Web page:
Canada’s cannabis legalization roll out had the opportunity to hit the ground running, but instead, just over a year since coming into force, it is still on shaky legs.
On October 17, 2019, Health Canada opened up new product submissions, making way for the next wave of regulated cannabis products. Extracts and edibles have been noticeably missing from licensed retail shelves, with the first round of new product offerings expected in mid-December at the earliest.
Although some items may be available in time for the holidays, vaping has been gifted yet another lump of coal. Vaping-related deaths and illnesses spurred the conversation towards blanket bans, without proper insight into the need for creating access to regulated, quality-controlled products.
The government’s rhetoric around legalization has always been about protecting public health and safety and diverting the illicit cannabis sales. Québec is the first province to ban cannabis vape products on the legal market, with little regard for how this will affect consumers. There is already an established consumer market for these products, and restricting access forces people to find these items in the underground which can have harmful health implications linked to unsafe additives and hardware.
British Columbia, which should be leading the charge in building a successful legalization model, has also faltered. Limited licensed stores, no official farm gate legislation, and now, a 20% tax on vape products and accessories has slowed our province’s progression towards an economically viable and consumer-friendly legal cannabis market.
If the proposed legislation passes, all vape products and accessories, including cannabis and nicotine, will be subject to a 20% sales tax as of January 1, 2020. The expressed logic behind the tax is to protect youth by limiting access, and while this is an important endeavour, it poses more harm to the general public.
Vape Tax Limits Access to Regulated Products
Limiting access to legal products ignores the existing mature unregulated market. Recent reports indicate that the majority of consumers are still purchasing from traditional supply channels, and all cannabis oil vape products are currently procured from illicit sources.
If the 20% tax is meant to deter consumers from accessing legal product, it will only lead them to purchasing vape pens that have not been subjected to Health Canada’s quality control standards.
Furthermore, while the intention may be to limit youth access by imposing a higher price point, it also negatively affects marginalized populations who already face economic discrimination.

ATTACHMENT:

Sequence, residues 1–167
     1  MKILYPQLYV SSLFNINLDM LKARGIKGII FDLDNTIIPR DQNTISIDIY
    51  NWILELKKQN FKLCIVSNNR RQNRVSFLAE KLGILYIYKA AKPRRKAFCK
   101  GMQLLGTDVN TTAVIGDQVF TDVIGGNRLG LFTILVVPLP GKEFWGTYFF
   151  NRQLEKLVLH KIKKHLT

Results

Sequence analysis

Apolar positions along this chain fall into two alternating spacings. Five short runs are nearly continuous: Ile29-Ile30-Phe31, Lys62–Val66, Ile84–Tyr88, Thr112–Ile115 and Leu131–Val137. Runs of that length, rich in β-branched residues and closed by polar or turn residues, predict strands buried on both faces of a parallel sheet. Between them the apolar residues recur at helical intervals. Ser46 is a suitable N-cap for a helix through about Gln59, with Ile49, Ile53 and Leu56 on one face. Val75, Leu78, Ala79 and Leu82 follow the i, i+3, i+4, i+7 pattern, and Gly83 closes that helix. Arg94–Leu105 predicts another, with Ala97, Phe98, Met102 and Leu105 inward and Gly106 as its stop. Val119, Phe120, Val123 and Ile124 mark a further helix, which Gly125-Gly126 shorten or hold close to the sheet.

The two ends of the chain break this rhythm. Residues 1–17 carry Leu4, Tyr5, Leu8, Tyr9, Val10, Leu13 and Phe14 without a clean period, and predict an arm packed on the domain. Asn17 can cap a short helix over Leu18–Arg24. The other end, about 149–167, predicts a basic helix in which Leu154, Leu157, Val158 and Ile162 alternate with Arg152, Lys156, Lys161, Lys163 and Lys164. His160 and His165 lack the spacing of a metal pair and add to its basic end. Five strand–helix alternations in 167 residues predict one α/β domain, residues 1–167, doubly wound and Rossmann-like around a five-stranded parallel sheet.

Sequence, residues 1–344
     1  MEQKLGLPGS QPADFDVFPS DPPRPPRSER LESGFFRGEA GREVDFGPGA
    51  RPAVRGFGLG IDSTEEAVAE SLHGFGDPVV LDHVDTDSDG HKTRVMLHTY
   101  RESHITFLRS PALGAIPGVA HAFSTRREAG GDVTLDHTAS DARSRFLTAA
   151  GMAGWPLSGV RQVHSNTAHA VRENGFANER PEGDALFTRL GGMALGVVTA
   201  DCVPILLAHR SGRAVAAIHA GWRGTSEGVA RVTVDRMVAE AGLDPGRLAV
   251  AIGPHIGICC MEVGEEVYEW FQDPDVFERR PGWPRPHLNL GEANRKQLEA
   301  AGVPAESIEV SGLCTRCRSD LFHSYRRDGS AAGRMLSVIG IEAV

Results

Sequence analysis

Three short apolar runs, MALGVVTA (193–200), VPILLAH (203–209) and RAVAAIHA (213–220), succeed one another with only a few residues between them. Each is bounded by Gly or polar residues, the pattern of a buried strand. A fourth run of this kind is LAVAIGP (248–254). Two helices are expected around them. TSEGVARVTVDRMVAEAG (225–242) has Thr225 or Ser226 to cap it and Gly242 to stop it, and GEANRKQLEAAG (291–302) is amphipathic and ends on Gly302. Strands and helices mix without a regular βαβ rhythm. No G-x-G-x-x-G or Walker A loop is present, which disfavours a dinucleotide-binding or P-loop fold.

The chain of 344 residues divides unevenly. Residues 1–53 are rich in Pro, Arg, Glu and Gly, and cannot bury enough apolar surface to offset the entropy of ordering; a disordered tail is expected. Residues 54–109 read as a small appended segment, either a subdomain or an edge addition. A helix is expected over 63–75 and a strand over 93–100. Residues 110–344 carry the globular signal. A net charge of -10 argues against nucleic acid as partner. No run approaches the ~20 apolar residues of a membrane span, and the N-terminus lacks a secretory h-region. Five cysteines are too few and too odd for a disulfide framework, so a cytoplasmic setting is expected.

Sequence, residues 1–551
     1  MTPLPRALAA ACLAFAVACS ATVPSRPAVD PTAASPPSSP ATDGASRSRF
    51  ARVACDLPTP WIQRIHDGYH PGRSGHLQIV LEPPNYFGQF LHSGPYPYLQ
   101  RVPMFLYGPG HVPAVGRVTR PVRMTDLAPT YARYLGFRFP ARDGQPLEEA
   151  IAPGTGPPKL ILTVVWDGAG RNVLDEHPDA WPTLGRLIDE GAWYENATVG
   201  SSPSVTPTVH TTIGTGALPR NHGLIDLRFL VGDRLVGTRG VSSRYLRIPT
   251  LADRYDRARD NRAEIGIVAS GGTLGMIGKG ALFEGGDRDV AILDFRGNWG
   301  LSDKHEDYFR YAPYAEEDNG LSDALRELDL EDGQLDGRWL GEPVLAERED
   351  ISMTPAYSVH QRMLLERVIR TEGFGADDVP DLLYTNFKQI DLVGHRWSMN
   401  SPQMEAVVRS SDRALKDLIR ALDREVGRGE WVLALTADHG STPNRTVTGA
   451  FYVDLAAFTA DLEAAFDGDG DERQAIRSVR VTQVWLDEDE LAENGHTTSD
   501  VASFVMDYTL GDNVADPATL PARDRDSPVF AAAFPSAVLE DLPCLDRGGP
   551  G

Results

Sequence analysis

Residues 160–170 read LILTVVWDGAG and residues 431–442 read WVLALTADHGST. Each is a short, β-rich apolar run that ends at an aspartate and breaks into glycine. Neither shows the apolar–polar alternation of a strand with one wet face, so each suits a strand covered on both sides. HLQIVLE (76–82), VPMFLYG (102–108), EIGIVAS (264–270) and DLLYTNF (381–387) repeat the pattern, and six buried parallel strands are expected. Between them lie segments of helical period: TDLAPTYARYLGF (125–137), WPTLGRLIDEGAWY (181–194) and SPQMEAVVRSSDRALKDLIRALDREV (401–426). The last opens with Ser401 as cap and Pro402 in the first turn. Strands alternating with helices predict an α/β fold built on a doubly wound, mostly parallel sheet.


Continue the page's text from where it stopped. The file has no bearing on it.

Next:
Dry herb vape hardware is also subject to the 20% sales tax. This method of consumption is a favoured alternative to combustion for medical consumers, many of whom face economic barriers to purchasing legal cannabis, which is both taxed (unlike any other medicine) and expensive.
In the interest of public health and safety, it is challenging to argue that this tax has the public’s welfare in mind.
Vape Tax Conflates Harms of Regulated and Unregulated Products
The influx of vaping-related deaths and illnesses are tragic and demonstrate a need for quality controlled products. These events also indicate that we need more research into vape products so that we can properly assess health and safety concerns.
To do so, epidemiologists need to track health outcomes for individuals in populations and trace them back to specific products, with specific additives, in a specific supply chain. Our industry needs data, but that data is only viable if it comes from a trackable source. This is challenging to do if consumers are accessing products on the unregulated market and researchers don’t actually know the details of what people are consuming, or where it came from.
If we are conflating data from regulated and unregulated market it draws into question the reliability of assessing health consequences from a class of product, which makes it even more challenging to create adequate legislation that is meant to protect the public.
Vape Tax Hinders the Legal Cannabis Market
Consumers want vapes. The regulated industry has the opportunity to capture a fair share of consumers who purchase these products, but less so if consumers are being asked to pay a burdensome tax.
This negatively impacts consumers who will be more likely to purchase products that have not been quality controlled, and stifles the legal market which is a huge driver in the Canadian economy, even revitalizing entire communities in economically depressed regions.
The entire legal supply chain is affected by the consequences of less-affordable access. If there is less consumer demand for legal product, processors and retailers will suffer, further hurting an industry that is struggling to find its footing.
If the true motivation is to prevent youth access and protect public health, legislators should put a stronger emphasis on education and harm reduction programs as opposed to punitive tax measures.